His conception is based on several elements (Pattee, 1979). One of them is a reflection on the nature of mathematics and formal systems in general, characterized as operations of discrete symbols according to rules, that is to say, as rate-independent processes. In contrast, physical processes are continuous or dynamic, and occur within an intrinsic time-scale and energy expenditure: they are rate-dependent. Another one is the symbol-constraint association (or even confusion, we discuss this in Section 4). Although symbols, because of their formal nature, can be produced in a random and arbitrary process and be manipulated according to rules, they are only meaningful if considered as the expressed constraints within an autonomous system. As a consequence, meaningful events involving symbols are neither completely formal nor uniquely dynamic, the whole process is a complementarity that connects both domains. Finally, complementary processes (such as measurements or controls) are natural processes, but they are not found in inanimate systems, as they are characteristic of the living state (as is the principle of semantic closure itself).
The principle of complementarity characterizes phenomena occurring at the interface between the two standard modes of description, dynamic and symbolic, through some material structure. We refer to such a structure as a complementary de ice(because of the extensive use of measuring and control devices as examples of this kind of relation in Pattee s work). A complementary de ice is a two-level relation, realized by a material entity, that has, at least, two possible descriptions: as detailed, stepwise, law-like operations, andas a constraint that performs some function (perhaps stored as a record, symbolic or not).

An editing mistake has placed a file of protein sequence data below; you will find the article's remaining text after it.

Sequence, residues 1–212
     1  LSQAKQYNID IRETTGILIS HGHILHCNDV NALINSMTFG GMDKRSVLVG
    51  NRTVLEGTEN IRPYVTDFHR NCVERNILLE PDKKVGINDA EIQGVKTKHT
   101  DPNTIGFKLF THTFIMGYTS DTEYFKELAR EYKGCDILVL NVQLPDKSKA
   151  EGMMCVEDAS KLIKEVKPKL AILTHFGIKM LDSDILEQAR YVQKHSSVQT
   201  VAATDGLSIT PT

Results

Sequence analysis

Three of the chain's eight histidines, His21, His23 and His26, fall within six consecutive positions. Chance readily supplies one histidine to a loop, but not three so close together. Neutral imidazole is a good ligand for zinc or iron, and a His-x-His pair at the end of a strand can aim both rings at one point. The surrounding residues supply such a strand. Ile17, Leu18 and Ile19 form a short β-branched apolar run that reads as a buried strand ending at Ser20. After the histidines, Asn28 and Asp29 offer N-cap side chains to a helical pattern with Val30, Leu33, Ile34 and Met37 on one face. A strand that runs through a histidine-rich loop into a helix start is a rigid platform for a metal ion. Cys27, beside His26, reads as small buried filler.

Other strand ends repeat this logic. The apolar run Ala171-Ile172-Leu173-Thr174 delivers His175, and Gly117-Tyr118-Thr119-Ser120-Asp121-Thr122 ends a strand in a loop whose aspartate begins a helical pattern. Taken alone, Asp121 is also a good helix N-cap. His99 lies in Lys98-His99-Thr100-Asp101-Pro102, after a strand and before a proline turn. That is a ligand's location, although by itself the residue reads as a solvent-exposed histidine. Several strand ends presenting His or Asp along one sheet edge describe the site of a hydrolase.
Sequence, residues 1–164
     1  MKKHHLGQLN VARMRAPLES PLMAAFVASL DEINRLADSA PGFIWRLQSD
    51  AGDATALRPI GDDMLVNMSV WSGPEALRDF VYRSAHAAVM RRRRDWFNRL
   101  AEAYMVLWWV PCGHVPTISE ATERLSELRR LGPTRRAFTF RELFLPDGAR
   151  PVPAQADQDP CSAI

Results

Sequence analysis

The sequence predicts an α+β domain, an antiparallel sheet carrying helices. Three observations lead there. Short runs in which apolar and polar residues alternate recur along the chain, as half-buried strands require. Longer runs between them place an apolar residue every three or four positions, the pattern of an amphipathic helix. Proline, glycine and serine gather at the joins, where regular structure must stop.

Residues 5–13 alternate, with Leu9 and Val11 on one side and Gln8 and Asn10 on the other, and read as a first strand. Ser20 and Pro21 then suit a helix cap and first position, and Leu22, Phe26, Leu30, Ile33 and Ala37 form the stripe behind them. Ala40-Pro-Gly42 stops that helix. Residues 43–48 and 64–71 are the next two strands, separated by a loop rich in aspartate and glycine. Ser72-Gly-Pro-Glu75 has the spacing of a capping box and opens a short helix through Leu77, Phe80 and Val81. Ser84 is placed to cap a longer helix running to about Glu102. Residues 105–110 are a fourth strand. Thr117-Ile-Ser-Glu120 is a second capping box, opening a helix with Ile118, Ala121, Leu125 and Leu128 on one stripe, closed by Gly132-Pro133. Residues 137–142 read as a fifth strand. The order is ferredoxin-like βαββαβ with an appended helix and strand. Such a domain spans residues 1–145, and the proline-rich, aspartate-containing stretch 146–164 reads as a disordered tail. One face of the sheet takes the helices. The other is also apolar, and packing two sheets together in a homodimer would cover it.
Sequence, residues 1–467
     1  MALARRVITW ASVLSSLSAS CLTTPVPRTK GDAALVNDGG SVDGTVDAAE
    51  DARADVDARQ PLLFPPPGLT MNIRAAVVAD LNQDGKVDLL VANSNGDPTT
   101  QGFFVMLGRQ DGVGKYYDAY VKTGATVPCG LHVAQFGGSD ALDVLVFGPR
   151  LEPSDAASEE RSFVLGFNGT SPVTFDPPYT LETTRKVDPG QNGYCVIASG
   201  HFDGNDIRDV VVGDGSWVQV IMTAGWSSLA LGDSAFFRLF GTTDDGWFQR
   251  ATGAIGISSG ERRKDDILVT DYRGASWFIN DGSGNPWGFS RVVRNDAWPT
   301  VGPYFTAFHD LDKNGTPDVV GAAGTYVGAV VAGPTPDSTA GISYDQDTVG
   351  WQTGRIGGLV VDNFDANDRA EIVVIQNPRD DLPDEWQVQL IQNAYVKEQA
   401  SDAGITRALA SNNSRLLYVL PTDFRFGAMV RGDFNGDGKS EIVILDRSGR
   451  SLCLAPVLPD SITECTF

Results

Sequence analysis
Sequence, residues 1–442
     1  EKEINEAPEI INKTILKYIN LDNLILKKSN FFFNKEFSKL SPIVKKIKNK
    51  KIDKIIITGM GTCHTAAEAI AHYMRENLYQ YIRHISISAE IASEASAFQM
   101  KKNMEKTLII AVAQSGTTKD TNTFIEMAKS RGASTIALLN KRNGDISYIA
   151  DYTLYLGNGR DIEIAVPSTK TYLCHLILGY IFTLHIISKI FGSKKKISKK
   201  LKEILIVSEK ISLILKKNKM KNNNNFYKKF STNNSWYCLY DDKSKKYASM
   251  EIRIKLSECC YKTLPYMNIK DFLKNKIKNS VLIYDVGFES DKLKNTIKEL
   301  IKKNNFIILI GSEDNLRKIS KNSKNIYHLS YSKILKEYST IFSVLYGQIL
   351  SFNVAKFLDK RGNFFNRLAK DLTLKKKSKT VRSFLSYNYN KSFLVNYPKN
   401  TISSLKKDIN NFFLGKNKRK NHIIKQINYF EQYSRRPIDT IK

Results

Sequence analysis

These two kinds of descriptions are complementary. On the one hand, it is not possible to emulate or realize (b) without a detailed material emulation of (a). The action of constraints cannot be isolated from the complex material or interactional basis where it originates and is functional. On the other hand, it is not possible to consider
(b) if many details of (a) are not ‘left aside’. The functional aspect is required to understand the system, because a completely detailed emulation of the dynamics would yield nothing but useless information regarding the characteristics of natural systems we find relevant, such as function, heredity, and so forth. This relation appears only in the frame of autonomous systems in which there is some form of closure.
In our opinion, this characterization of complementarity is at the basis of Pattee’s distinction between natural and formal languages and of his requirements for a research line in Artificial Life based on realizations (Pattee, 1989, 1995). An accumulation of details at a basic level of nature (for example, the atomic or molecular components in biological explanations) does not constitute a genuine advancement of knowledge if there is no parallel advancement of the understanding of the hierarchical organization. As a consequence, the basic requirement for research in living phenomena is the study of situations in which complementary devices or relations appear autonomously in a system with closure.